Monday, January 17, 2011

Getting Better All the Time...

Today in NOTL:  Sunny with a few clouds and cold, with today's high 22F/-5C.  *shiver*

So it's been a tough couple of weeks with this cold/virus making the rounds; I think some of us have had two bouts of it.  Bleech!  We seem to be peeking out from under though, finally.

It's hard, though, when you're not able to keep up with the work you do b/c you're ill and you're NOT getting that regular paycheck from the 9-5 grind everyone complains about.  We love what we do, but quiet days mean no income.  It's a real tightrope to walk when things get slow as they have each year around this time.

The idea of blocks - that if we're working hard to walk in trust, affirm the good, etc., and NOT seeing prosperity then something is keeping that prosperity from us - is a sticky issue.  The Law of Attraction and the Power of Positive Thinking notwithstanding, a lot of folks who are working those are not getting the results the high-powered sales folks like the Secret teachers are - or anywhere close.  That's ok; after all, you can only sit in one chair or live in one house at a time, eh?  Thoreau would say any more than that is superfluous.

Still, many spiritual workers mention that they *should* be seeing more satisfying results of their spiritual work than they have.  To me, that points to one of the problems right there: they're flowing energy to the lack of satisfying results.  Nevertheless, we can always take some action to increase the good in our lives, so I asked the Angels about it, specifically for my abundant life.

I got an interesting response; basically, they told me to let go the old stuff I was carrying around.  I instantly did a forgiveness check, as forgiveness (or the lack thereof) is a huge block to good.  Instead, they directed me to my former career as teacher and I realized they were right.

I loved teaching.  I loved my classroom, I loved creating activities for my students, I loved my practice as a learning therapist helping kids to read better and improve their grades.  I loved being with other teachers and talking shop.  I loved visiting teacher stores and picking up bright posters for my classroom.

Being a teacher was never a job for me, it was an integral part of me.  I said 'I'm a teacher' the way other people say 'I am in the Who's Who' or 'I have won two Oscars.'  I was proud to be a teacher and took, my first year, a wonderful woman as a role model, Catherine D.  She was gracious and well-spoken, she never raised her voice, she commanded respect from the students and faculty simply by being the person she was.  To my rookie eyes, she was the consummate professional and I strove to become a consummate professional in my own right.

I think I did.  I kept myself in the classroom - my laughter and sense of fun, my stubborn refusal to back down from the hard aspects of teaching or to tolerate disrespect, my idealism - but I added her gracious manner of dealing with parents and students, refusing to be drawn into anger, comporting myself with the dignity appropriate to a position which placed me of necessity in the role of model to my students.  I am proud of my work in the classroom, proud of my ability to establish rapport and trust with students of all the races in my class.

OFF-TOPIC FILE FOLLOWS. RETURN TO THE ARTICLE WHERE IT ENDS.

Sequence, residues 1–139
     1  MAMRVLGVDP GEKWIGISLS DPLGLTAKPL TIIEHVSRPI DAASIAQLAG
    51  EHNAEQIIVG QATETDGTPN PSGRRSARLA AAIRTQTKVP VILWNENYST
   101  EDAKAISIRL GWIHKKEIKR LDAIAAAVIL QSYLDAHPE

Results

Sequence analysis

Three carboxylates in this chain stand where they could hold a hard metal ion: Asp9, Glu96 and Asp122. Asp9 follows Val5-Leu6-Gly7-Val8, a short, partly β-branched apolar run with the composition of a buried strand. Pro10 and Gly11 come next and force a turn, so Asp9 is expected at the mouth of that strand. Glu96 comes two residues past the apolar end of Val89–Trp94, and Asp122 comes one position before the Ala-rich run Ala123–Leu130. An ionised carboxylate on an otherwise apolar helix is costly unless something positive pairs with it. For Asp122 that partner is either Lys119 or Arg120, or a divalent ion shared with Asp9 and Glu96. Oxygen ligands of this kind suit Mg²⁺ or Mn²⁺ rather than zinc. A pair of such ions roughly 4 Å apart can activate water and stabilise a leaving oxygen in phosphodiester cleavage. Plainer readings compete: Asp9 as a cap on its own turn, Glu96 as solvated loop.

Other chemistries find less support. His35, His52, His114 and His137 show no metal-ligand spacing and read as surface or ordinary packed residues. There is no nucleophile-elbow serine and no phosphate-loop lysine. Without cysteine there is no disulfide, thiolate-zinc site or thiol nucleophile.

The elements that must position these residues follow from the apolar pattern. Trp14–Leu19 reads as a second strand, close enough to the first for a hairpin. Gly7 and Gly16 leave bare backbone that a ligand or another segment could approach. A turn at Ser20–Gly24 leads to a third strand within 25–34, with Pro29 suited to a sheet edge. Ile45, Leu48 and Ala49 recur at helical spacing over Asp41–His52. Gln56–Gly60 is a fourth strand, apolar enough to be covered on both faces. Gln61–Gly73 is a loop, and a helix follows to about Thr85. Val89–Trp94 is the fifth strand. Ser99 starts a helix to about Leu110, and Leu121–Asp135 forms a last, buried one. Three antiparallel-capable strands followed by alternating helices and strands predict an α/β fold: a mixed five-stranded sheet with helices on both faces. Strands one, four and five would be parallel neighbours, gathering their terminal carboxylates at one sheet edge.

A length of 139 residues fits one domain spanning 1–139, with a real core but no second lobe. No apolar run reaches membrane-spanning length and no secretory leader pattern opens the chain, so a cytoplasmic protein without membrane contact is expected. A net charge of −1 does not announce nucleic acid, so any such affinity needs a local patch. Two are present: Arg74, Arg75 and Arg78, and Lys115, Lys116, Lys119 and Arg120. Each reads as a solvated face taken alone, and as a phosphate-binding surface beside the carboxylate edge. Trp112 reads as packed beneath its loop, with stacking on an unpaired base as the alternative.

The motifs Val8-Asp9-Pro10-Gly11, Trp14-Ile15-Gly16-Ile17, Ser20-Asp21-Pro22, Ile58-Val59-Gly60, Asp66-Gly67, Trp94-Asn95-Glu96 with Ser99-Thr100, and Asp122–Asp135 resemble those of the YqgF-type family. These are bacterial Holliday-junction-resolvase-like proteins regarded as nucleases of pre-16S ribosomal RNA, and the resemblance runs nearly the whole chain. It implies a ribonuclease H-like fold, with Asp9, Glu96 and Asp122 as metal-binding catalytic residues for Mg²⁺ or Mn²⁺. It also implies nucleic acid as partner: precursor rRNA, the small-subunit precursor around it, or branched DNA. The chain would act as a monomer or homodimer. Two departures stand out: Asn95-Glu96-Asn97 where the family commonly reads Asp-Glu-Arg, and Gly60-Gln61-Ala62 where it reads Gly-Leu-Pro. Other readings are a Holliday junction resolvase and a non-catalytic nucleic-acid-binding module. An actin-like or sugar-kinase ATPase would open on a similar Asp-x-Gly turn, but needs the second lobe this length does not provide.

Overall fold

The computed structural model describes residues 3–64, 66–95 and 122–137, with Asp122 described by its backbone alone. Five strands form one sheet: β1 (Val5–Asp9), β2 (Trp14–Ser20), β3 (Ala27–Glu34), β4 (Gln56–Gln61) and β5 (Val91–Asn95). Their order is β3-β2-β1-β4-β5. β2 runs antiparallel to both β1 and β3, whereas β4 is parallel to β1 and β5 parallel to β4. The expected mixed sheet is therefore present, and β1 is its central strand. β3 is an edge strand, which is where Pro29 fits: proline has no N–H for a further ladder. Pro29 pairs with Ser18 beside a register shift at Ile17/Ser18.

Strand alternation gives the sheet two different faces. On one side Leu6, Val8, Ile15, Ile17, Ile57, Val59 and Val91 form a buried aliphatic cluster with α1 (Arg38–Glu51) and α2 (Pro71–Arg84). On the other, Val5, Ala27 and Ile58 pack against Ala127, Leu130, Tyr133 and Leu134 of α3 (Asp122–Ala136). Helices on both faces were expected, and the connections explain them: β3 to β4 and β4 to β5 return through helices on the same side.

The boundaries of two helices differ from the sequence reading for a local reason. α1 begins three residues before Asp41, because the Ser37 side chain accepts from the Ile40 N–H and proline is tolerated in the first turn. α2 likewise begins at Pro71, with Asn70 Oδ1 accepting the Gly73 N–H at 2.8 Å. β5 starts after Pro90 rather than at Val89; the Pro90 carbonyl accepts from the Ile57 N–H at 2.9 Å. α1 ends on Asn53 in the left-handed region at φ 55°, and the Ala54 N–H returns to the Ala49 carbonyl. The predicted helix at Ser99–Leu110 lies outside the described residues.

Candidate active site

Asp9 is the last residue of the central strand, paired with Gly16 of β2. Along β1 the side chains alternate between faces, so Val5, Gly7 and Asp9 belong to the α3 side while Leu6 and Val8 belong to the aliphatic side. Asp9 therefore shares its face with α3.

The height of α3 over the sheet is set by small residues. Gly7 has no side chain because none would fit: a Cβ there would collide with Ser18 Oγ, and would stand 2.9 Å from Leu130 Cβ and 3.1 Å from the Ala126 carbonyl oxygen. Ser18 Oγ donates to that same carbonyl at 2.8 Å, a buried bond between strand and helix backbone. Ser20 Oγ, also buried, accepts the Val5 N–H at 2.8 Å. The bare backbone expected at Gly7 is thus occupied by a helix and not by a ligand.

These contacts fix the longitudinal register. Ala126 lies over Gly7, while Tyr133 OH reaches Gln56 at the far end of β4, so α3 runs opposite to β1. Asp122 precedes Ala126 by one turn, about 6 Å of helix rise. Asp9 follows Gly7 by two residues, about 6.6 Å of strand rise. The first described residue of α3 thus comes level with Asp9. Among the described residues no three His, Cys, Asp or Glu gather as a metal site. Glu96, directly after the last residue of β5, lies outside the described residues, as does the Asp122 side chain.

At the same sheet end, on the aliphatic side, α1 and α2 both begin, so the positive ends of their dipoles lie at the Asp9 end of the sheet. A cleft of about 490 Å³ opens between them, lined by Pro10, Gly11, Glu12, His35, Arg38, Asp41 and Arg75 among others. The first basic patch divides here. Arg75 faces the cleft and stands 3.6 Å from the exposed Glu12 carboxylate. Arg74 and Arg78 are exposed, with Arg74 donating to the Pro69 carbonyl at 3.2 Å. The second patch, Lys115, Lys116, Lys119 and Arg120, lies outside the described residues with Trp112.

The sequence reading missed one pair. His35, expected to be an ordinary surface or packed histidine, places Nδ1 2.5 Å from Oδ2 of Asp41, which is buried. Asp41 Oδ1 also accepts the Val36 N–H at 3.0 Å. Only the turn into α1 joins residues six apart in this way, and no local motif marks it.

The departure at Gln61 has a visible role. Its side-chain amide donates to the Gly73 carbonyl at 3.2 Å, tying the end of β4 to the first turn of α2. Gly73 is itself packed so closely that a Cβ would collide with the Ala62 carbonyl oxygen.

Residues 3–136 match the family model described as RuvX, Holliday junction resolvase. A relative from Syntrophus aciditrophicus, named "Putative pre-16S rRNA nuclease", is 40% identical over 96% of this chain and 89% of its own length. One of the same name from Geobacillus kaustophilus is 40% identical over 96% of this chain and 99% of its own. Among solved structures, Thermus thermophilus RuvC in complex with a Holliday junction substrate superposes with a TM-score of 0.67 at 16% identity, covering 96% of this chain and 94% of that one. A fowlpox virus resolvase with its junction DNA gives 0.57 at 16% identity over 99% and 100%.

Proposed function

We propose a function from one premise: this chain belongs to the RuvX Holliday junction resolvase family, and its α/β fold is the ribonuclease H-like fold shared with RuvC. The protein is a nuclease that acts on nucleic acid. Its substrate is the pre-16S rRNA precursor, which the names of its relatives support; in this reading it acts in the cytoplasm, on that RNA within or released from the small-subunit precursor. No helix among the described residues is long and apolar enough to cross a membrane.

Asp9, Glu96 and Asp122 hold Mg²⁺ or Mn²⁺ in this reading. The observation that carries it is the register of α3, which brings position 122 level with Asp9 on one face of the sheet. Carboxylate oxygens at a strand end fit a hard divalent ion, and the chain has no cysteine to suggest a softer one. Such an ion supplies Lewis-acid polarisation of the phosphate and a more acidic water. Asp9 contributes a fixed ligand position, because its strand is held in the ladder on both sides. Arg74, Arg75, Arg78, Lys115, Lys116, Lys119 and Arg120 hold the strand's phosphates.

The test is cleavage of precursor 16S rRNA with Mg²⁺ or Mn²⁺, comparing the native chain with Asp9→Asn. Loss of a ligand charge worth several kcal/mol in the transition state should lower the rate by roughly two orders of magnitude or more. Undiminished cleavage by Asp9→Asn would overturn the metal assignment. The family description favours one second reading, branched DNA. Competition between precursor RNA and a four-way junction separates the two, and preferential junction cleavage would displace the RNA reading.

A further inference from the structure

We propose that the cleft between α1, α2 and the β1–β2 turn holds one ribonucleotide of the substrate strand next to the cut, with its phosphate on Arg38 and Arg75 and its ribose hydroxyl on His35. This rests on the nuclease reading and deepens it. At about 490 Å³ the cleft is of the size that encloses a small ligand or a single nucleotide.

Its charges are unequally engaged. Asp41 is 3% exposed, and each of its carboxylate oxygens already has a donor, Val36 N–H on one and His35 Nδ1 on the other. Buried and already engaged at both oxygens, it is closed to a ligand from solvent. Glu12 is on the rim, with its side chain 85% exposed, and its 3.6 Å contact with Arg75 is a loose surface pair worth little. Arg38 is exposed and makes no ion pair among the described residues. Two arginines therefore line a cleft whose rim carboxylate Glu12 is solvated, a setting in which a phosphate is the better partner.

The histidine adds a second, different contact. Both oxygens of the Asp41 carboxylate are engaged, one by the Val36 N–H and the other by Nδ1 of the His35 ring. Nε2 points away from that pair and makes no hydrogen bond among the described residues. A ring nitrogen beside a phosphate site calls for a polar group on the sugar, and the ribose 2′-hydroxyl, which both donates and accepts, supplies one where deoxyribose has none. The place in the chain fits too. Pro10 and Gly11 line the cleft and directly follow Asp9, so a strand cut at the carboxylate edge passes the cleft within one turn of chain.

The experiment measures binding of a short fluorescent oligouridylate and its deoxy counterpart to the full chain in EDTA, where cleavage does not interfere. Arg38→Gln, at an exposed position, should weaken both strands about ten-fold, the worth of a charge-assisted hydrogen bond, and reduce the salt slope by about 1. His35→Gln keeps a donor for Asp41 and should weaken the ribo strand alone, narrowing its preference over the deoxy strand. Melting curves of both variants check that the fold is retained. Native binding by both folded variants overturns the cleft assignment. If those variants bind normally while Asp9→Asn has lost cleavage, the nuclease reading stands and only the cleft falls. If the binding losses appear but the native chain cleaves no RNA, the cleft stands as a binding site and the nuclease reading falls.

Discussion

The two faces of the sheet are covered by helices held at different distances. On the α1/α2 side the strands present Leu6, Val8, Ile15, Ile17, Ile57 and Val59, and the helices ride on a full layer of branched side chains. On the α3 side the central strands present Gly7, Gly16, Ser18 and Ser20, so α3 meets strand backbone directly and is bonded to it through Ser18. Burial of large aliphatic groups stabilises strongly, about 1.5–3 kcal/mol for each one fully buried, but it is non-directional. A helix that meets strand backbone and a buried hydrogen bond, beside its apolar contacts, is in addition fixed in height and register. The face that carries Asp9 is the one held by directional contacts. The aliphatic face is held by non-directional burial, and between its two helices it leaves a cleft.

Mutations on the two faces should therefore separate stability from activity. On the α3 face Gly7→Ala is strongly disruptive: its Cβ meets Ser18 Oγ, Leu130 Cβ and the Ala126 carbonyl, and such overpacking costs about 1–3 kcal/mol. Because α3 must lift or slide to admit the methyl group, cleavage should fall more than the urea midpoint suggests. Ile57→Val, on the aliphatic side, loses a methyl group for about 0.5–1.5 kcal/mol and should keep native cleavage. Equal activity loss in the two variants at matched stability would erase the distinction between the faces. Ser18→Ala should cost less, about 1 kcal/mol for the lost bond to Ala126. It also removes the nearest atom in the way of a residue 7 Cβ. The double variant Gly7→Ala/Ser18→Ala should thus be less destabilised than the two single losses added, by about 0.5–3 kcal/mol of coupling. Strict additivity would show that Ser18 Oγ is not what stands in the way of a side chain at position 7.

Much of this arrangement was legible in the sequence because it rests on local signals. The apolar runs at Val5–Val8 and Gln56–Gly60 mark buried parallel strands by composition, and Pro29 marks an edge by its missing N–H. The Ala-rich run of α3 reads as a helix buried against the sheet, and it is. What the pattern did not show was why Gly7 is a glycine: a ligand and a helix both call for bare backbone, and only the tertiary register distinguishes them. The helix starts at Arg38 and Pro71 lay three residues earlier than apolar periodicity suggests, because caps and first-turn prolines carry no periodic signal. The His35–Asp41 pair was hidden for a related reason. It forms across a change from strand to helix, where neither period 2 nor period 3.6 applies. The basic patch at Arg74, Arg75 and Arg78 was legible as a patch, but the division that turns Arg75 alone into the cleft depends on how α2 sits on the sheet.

It's hard to let that go.  When I must introduce myself, I always refer first to the fact that I am a former classroom teacher and second to the fact that I am one of the Angel Ladies.

And the Angels pointed out I was clinging to the past.  I am not a classroom teacher anymore; I do not have a private practice as a learning therapist.

So I thought about that and decided to do a brain dump.  This is a test-taking strategy I used to teach my dyslexic/test-phobic students:  as soon as you get the test paper, use the back of a sheet to write formulas, lists, processes, anything you are afraid you won't remember.  Once you get it onto paper in usable fashion, you are free to answer the actual questions on the test.

In my case, as I make the techniques, tips, and strategies that made me successful in the classroom available to others who can use them, I free up energy for other aspects of my life.

As a learning therapist, I used to create organizers for my students all the time, putting information in a meaningful structure for them or creating a structure they could use to organize information helpfully.  Now that I'm creating art, I decided to use my expertise to create an organizer for artists and crafters who offer a variety of products.  I called it the Art Genie, lol.

I'm working now on a guide to assist people in creative problem-solving, to 'thinking outside the box,' if you will.  Following that will be a creative writing guide to help folks who have a story get it out of their head and onto paper and other guides and ebooks of successful techniques I've used in and out of the classroom over the years.

I'll let you know the results.   No art today, but here's a beautiful shot of the local clock tower in the snow, taken by Tom and posted on the weather website.

No comments: